Competency frameworks can sound intimidating - the preserve of multi-billion pound enterprise and chartered HR professionals. As a small charity or social enterprise, there is nothing to stop you writing as robust a framework as anyone else. Here’s how in 4 easy steps.

Worthwhile Interview Day

At Worthwhile, we refine our core competencies every year, based on who has really thrived on the scheme. With nearly 150 young people through our system, we’ve got a clear idea of what we’re looking for, and more data all the time feeding improvements.

  1. Name your core skills

Start by naming the skills you want everyone in your organisation to have. These will reflect your culture, the way you like to work, and the types of people likely to thrive in your environment. Some people find this the hardest step. If you’re struggling, think of your top performers at the moment. What do they bring to the organisation? What is it about what they do that helps them thrive? You’ll want lots of core skills, but treat this as an exercise in prioritisation. Aim for no more than four.

2. Name the skills needed for the specific role

Each individual role then will have specific technical skills. Project managers will need strong planning and organising. Sales people will need good communication skills. Developers will need to be able to write JavaScript. You’ll be able to identify lots of these, but again, prioritise and aim for no more than four.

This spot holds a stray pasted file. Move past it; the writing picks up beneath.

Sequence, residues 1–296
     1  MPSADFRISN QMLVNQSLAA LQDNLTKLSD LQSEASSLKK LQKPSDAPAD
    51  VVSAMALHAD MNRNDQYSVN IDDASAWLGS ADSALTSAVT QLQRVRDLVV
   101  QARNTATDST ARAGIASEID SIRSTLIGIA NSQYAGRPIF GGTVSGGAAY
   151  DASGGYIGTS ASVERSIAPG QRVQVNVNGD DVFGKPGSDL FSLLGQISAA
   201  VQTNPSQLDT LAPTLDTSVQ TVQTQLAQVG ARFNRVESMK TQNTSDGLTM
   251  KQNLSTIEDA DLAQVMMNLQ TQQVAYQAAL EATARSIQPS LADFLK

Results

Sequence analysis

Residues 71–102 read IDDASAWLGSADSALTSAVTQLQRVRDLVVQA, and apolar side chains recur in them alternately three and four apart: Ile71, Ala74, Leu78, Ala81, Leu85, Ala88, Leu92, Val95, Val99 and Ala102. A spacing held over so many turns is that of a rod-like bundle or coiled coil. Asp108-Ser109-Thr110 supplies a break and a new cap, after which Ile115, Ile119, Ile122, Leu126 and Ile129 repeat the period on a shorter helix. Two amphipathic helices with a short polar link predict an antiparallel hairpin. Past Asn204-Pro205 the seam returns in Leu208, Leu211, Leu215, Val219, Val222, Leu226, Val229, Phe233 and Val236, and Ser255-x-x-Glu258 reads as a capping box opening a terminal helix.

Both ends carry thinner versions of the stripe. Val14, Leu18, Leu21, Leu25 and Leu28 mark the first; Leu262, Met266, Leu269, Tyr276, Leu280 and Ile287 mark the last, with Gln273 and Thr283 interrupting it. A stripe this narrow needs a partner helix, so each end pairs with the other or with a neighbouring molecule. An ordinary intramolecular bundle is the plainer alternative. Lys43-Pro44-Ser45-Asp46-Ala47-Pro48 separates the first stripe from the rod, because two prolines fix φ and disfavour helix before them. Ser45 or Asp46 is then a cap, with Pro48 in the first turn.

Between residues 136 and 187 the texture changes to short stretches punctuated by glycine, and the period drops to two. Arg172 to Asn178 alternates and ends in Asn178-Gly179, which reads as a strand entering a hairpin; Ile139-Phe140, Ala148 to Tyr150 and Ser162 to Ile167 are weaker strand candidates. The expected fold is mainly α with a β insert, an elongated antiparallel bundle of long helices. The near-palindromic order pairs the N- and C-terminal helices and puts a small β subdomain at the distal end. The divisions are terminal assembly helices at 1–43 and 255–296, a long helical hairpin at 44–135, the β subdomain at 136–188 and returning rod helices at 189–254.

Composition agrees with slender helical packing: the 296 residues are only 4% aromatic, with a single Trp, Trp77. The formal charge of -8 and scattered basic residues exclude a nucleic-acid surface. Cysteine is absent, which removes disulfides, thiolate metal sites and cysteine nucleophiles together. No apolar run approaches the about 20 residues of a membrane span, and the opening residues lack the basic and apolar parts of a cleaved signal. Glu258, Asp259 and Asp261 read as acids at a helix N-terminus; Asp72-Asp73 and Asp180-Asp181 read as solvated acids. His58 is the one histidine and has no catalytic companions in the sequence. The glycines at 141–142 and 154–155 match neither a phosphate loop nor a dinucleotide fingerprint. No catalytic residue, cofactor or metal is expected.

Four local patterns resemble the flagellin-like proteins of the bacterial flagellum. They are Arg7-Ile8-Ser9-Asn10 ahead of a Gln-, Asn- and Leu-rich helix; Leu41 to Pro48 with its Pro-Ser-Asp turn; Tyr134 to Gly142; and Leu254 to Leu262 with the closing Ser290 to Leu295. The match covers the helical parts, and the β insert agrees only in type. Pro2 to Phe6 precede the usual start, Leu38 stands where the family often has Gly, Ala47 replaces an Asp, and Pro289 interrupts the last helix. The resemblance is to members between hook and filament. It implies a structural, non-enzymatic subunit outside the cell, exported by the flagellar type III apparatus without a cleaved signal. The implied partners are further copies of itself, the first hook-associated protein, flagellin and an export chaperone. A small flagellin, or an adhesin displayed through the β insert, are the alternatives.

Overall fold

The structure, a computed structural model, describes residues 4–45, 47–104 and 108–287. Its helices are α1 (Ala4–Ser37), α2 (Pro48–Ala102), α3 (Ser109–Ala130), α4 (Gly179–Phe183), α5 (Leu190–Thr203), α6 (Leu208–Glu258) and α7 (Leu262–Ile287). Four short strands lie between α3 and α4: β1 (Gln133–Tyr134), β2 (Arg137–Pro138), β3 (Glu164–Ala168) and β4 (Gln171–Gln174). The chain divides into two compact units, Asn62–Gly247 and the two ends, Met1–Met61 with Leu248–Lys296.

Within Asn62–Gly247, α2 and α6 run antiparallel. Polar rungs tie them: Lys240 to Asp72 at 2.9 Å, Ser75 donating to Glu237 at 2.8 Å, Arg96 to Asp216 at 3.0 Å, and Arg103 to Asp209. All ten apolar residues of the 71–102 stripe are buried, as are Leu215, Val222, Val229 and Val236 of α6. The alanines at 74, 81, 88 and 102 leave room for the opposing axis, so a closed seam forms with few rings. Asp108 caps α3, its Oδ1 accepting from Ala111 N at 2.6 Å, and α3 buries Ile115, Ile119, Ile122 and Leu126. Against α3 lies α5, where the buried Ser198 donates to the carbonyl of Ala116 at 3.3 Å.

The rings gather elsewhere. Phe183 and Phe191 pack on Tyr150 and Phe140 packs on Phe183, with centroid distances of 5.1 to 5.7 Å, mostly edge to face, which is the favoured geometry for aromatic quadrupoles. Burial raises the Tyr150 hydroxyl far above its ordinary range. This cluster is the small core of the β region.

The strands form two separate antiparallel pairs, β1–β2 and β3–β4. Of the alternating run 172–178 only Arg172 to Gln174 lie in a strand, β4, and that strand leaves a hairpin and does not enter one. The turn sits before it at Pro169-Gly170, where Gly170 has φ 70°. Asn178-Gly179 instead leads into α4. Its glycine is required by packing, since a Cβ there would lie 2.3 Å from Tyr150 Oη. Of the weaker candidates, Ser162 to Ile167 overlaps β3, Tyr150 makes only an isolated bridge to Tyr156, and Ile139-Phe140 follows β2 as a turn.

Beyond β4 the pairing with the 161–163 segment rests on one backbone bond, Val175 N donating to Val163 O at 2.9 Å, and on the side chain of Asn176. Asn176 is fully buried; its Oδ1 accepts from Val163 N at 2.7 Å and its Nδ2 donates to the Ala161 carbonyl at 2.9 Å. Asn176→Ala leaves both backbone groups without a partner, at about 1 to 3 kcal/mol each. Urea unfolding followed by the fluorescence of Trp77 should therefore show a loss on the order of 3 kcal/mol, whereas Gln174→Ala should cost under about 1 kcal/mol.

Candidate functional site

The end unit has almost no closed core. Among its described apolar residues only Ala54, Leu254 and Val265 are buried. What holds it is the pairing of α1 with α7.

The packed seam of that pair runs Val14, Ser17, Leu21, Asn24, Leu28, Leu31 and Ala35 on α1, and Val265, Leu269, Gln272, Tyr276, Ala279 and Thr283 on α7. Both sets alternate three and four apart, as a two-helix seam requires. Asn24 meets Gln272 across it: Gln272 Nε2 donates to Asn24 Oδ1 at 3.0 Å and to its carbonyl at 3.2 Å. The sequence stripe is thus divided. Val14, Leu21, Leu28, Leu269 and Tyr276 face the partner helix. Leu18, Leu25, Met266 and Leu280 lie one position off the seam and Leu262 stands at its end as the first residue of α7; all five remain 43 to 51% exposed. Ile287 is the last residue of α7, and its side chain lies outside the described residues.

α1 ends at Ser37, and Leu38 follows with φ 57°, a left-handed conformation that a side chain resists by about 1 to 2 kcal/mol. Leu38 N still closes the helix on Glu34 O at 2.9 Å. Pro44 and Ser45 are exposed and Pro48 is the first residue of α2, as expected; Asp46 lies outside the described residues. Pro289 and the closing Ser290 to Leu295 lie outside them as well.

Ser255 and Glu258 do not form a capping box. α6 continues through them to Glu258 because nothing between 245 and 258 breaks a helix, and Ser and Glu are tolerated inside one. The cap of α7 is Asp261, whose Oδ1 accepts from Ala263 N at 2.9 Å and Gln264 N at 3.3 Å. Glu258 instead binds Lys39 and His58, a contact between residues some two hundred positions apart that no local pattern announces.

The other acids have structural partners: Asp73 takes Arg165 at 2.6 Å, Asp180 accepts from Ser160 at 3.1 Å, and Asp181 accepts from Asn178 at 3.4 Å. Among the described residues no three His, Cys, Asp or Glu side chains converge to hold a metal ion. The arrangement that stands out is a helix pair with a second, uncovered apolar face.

3. Break each competency into fourfive bullet points

Take each skill one at a time, and break it into 4–5 sub-skills. As an example, for planning and organising, this might be:

  • Identifies and manages stakeholders
  • Sets criteria for success before beginning
  • Manages the scope and budget of the project effectively over time
  • Considers timing of tasks and manages dependencies
  • Proactively identifies and manages risk

4. Articulate each sub-skill at multiple levels

For each of the bullet points, describe what poor, acceptable and great looks like. For the first bullet point above this might look something like this:

0: No evidence of identifying stakeholders, or reacting to their needs

1: Clear evidence of working with stakeholders, although primarily in a reactive way

2: Stakeholders and their interests identified in advance. Clear evidence of proactive and ongoing engagement to achieve results and manage relationships

Aim to write positive statements at every level. Make clear distinctions between your levels.

And that’s it!

You should have a matrix of seven to eight competencies, articulated with four to five factors each, defined at multiple levels. When assessing candidates, you’ll have a clear, objective framework to measure their performance against. Admittedly it’s a couple of hours investment to write all this up, but it’s all re-useable. More importantly, the quality of decisions you will make will sky-rocket. We can’t recommend it enough!

Head to our website to see how we can help with your next hire.

This blog was adapted from one originally published at